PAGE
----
Phoenix, Arizona - United States Bureau of Reclamation Commissioner Brenda Burman today joined representatives from Arizona, six other western states and Mexico at the Hoover Dam to sign the Colorado River Drought Contingency Plan (DCP), finalizing the interstate agreement to conserve water in the Colorado River and Lake Mead. The signing represents the completion of the agreement, which is the result of years of collaboration among stakeholders in Arizona and across the country and represents the most significant water legislation in the past forty years.
“Today’s signing is victory for all Arizonans — and it should be looked to as a model for how to achieve the really big things,” said Governor Ducey. “This historic effort brought people together from all sides — rural, urban, agriculture, industry, tribal communities, non-profits, cities, Democrats and Republicans. It involved input from multiple states, two countries and passage in both the state legislature and Congress. And we did it by putting party labels aside and putting people first. There’s a lot of credit to go around, and my thanks to everyone who worked to make this day possible. With DCP as the example, Arizona will continue to be a leader in doing the things that matter.”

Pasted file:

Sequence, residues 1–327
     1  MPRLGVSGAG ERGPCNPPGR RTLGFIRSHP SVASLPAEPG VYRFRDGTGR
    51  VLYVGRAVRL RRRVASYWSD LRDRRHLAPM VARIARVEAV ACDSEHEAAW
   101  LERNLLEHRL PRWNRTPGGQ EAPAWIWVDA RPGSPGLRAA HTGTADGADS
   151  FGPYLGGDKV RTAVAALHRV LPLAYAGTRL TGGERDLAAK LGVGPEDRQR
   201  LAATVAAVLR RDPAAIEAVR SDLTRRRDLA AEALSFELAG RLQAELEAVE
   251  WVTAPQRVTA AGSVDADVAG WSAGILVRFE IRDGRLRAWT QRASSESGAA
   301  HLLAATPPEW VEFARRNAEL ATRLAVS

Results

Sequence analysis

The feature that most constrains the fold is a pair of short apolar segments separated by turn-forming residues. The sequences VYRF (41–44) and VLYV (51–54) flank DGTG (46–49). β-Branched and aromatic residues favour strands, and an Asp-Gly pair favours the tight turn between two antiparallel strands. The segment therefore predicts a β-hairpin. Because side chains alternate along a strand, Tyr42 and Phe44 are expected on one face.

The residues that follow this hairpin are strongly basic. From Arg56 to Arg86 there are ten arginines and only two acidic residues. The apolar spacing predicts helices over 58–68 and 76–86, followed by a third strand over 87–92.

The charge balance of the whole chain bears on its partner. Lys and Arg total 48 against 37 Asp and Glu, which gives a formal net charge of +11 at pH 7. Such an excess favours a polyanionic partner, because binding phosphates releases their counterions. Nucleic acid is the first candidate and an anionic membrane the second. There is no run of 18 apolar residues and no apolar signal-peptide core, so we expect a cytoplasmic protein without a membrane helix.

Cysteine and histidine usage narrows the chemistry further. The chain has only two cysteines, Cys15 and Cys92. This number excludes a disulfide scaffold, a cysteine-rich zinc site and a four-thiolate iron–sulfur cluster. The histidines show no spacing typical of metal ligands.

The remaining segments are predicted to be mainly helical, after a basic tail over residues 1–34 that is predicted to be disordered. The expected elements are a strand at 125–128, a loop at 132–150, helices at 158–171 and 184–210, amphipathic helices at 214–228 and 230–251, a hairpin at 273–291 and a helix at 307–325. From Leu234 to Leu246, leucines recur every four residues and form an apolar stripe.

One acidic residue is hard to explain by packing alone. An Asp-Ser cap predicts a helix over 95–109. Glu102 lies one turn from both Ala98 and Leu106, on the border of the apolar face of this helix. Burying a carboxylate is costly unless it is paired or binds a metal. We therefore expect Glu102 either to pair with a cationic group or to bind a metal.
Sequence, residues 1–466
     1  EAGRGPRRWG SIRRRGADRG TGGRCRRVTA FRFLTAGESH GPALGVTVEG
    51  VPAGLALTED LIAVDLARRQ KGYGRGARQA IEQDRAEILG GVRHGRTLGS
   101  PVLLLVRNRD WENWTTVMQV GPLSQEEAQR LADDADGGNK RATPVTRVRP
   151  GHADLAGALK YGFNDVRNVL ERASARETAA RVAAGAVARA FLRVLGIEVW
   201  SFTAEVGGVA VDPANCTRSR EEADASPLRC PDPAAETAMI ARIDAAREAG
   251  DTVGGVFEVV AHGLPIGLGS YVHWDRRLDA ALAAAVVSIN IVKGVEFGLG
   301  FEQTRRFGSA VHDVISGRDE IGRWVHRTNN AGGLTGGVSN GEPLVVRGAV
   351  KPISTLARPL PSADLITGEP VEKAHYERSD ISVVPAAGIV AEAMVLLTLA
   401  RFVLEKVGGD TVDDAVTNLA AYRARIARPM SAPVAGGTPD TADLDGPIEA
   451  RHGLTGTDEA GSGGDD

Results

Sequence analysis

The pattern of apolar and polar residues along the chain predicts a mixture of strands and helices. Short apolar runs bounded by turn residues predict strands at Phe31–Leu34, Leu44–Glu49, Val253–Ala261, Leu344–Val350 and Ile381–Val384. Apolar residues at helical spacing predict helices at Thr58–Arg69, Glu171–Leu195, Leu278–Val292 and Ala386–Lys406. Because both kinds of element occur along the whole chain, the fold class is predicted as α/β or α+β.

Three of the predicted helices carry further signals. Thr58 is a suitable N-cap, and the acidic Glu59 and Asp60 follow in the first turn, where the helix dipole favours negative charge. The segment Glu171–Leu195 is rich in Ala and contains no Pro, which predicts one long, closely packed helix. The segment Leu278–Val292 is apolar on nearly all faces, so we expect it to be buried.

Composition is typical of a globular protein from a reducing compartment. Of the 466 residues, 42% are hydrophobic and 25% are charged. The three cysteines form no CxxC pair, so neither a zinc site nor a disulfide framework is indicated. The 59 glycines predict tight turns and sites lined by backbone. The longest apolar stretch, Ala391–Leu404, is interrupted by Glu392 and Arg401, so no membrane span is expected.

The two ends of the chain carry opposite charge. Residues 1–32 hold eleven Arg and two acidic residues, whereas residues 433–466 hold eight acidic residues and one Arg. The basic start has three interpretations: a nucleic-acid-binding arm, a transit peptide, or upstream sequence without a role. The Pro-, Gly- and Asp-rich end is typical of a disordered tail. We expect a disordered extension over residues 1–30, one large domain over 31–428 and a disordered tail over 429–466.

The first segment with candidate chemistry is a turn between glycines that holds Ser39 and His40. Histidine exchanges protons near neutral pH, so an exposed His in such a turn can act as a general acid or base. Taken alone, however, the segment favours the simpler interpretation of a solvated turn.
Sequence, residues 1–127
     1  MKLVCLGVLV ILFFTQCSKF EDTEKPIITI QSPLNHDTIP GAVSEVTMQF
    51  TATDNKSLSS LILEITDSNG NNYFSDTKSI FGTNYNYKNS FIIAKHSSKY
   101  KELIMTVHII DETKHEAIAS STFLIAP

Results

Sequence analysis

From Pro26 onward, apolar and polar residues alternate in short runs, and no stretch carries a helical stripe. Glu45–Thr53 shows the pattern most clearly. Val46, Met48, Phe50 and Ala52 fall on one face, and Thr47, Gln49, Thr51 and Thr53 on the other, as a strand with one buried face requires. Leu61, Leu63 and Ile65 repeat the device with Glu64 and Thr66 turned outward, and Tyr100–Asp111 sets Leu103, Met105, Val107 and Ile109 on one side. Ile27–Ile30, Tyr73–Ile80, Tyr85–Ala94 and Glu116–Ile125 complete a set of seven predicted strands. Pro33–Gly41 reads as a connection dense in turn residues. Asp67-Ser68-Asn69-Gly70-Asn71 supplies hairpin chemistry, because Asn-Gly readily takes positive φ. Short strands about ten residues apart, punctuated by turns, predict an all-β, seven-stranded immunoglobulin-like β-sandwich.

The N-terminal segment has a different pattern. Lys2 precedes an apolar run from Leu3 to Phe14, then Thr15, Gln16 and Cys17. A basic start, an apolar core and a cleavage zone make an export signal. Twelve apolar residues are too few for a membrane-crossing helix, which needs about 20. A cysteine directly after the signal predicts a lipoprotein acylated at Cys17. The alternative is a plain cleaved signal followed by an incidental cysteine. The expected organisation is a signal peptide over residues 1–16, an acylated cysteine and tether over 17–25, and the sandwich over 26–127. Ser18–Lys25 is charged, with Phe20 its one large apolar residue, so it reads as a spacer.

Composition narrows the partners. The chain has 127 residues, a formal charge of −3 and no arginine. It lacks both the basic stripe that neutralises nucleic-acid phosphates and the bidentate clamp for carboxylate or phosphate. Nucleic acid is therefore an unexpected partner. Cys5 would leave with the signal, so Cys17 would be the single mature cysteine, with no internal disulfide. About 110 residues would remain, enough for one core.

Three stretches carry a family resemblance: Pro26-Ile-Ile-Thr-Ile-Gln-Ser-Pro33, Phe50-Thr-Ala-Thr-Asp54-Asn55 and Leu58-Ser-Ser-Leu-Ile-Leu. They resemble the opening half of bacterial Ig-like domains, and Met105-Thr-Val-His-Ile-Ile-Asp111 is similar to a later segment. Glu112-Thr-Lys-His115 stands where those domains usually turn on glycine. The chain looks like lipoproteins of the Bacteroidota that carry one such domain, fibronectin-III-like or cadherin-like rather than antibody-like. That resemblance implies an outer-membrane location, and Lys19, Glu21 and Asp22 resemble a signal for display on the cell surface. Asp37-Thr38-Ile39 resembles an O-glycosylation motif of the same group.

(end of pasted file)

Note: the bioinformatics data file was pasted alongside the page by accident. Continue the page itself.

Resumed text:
Facing a 19-year drought, Arizona along with six other western states and Mexico were tasked with developing a plan by January 31, 2019, to conserve more water in Lake Mead, from which Arizona gets nearly 40 percent of its water. Since July of 2018, 40 stakeholders representing diverse interests from across Arizona worked to develop our state’s Drought Contingency Plan. The plan balances water reductions in the state to ensure no one user takes the brunt.
In January, Governor Doug Ducey signed legislation ratifying Arizona’s Drought Contingency Plan. Following passage in Congress, President Trump signed the agreement in April of 2019, and with Commissioner Burman’s signature, the finalized plan will now go into effect.